Written by Jonathan Breeden
Your child’s performance in school can affect how a judge makes custody decisions. But it’s one factor among many. When all things are equal, your child’s school performance would have to be markedly different with one parent than the other to impact a custody decision.
When a judge makes child custody decisions, he or she must consider who will “best promote the interest and welfare of the child.” They’ll account for several factors, such as the child’s age, educational needs, the housing situation, and the overall environment in both parents’ homes.
Jonathan Breeden has helped families resolve custody issues in Johnston, Wake, and Harnett County for more than 20 years. Suppose you are involved in a dispute associated with your child’s schooling. In that case, we can discuss your situation, explain North Carolina law, discuss your options, and put a plan into action.
Call the Breeden Law Office at (919) 661-4970 today.
A divorce, an unmarried couple splitting up, or a custody dispute could add a lot of stress in a child’s life, especially if they hear parents complain about each other or argue. This transition period from one way of living to another can be a severe distraction from schoolwork so that performance can suffer, no matter who the child lives with.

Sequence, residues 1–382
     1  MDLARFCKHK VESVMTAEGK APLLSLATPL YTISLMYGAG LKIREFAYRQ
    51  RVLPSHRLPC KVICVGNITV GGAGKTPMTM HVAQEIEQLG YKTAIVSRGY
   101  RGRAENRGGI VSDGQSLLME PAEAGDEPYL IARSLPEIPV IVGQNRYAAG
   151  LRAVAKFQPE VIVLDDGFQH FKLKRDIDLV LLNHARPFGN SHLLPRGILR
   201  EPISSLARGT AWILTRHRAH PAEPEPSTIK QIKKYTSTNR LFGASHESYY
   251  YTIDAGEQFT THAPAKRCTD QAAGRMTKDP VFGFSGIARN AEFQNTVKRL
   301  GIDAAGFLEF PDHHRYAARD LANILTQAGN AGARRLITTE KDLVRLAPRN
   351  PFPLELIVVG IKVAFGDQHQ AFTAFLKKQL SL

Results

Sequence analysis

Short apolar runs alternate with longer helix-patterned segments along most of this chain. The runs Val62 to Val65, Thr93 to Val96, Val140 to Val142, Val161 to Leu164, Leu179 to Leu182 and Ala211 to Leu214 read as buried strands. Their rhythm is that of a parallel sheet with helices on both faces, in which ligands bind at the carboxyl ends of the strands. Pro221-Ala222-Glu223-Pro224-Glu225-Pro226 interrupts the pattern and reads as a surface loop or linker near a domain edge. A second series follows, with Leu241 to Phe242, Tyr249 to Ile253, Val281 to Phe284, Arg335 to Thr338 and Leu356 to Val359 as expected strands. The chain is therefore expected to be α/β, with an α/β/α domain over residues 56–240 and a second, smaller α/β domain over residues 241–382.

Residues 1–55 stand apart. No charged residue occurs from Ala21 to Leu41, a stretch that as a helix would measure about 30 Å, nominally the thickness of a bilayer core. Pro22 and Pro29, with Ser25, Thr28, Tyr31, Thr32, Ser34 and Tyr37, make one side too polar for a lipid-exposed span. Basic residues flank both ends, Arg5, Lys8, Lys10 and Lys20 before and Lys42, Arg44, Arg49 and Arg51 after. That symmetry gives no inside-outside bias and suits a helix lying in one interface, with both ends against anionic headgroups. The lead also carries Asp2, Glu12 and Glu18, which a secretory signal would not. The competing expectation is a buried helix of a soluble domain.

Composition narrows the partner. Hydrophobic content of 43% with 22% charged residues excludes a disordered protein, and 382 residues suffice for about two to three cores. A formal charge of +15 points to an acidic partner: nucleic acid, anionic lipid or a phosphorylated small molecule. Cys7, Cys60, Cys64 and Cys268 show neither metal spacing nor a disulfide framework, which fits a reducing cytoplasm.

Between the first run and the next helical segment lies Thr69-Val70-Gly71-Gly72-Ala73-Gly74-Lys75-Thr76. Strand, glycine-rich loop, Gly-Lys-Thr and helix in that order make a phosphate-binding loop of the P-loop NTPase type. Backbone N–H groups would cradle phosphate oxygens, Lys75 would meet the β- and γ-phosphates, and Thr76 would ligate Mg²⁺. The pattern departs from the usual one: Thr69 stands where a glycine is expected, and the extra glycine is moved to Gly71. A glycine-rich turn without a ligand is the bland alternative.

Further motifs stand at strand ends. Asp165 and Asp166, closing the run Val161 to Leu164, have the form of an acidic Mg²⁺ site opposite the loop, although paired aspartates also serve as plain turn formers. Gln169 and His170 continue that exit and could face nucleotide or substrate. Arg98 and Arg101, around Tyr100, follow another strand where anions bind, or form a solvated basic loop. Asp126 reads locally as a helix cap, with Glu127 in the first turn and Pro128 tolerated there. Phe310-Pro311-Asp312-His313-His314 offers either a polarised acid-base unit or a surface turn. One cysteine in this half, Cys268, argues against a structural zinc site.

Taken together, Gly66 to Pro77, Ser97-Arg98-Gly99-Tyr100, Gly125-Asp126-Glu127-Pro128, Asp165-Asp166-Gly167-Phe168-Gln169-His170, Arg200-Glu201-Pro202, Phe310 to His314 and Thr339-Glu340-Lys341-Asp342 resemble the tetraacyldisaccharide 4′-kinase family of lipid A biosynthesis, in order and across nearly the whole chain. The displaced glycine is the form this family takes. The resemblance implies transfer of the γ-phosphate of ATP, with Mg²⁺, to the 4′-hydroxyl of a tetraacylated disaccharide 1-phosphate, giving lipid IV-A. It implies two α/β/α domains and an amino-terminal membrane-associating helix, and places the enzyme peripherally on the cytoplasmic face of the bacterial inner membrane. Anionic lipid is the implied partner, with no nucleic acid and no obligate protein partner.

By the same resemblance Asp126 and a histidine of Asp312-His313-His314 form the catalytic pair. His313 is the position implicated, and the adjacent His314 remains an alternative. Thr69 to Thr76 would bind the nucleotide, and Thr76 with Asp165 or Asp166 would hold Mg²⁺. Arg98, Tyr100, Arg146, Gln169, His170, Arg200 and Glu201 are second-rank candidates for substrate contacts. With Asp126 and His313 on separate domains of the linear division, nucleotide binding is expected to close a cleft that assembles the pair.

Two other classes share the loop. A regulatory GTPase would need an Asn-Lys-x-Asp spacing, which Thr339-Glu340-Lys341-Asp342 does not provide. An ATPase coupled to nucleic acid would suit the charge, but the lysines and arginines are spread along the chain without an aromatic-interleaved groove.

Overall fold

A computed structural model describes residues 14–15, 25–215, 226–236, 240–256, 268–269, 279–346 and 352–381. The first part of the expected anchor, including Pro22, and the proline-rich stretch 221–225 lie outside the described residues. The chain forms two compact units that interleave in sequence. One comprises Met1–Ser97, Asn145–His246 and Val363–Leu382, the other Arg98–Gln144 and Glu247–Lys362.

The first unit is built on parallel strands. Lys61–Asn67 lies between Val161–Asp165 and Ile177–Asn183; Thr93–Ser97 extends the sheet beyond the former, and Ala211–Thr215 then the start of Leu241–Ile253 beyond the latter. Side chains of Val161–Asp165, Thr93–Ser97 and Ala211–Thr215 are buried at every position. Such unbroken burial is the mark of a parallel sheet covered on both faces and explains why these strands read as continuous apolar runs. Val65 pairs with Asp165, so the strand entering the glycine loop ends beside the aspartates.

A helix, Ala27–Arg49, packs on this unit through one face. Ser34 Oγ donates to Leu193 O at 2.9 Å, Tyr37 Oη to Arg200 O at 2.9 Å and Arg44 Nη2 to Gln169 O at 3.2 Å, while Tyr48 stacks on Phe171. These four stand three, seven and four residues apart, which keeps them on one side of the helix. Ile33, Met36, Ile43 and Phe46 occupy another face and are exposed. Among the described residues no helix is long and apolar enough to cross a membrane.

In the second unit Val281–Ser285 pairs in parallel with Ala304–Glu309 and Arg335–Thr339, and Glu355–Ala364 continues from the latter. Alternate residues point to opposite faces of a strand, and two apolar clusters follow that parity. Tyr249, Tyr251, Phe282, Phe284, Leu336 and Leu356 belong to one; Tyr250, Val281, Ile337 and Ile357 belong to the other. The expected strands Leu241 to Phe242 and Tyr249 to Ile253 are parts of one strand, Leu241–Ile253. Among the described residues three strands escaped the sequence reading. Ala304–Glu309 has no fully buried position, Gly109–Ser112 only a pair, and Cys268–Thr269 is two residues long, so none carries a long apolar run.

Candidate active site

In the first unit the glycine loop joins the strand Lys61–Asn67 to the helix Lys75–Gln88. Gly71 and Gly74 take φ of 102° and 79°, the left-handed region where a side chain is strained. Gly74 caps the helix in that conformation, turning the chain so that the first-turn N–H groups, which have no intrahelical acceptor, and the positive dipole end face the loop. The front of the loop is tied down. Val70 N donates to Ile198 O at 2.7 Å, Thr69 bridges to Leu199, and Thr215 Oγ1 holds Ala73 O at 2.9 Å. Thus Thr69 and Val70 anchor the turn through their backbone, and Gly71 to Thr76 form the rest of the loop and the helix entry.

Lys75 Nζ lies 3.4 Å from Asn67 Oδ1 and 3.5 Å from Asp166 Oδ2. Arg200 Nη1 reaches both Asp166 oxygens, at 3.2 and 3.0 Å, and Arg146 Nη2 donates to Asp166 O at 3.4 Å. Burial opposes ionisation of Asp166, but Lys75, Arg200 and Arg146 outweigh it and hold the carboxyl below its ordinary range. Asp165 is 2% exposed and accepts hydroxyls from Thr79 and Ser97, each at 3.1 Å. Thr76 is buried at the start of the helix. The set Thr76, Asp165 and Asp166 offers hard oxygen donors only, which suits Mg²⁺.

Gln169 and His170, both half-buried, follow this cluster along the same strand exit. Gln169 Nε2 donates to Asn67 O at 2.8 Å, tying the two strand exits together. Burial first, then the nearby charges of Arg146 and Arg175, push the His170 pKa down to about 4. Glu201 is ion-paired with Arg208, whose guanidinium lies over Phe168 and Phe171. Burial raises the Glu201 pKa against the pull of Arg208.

Schools are usually good at record keeping. If a child is markedly better or worse when they’re living with one parent or another, it can be evidence the child isn’t getting the attention and care they need.
School issues can be tracked through the following records:
If there’s a clear difference in school performance when the child lives with one parent compared to another, the judge should care. If there are only minor changes, the judge probably won’t modify an existing custody plan.
It would be unusual if the child is only having problems in school, but not in the rest of their lives if they’re living with a particular parent. If they’re angry or withdrawn, disconnected or poorly cared for, it’s not something the child can turn on and off when they enter and leave a school. A judge will look for overall trends in the child’s life and see if they can be traced to time with a parent.
Attorney Jonathan Breeden dedicates his career to helping individuals and families facing family law issues. He serves clients in Johnston, Harnett, and Wake Counties. If you have questions or need help from a North Carolina child custody attorney, turn to one with considerable experience both in family law matters and your local court system.
To speak with the Breeden Law Office, call (919) 661-4970 today. Jonathan is ready to listen and find out how he can help.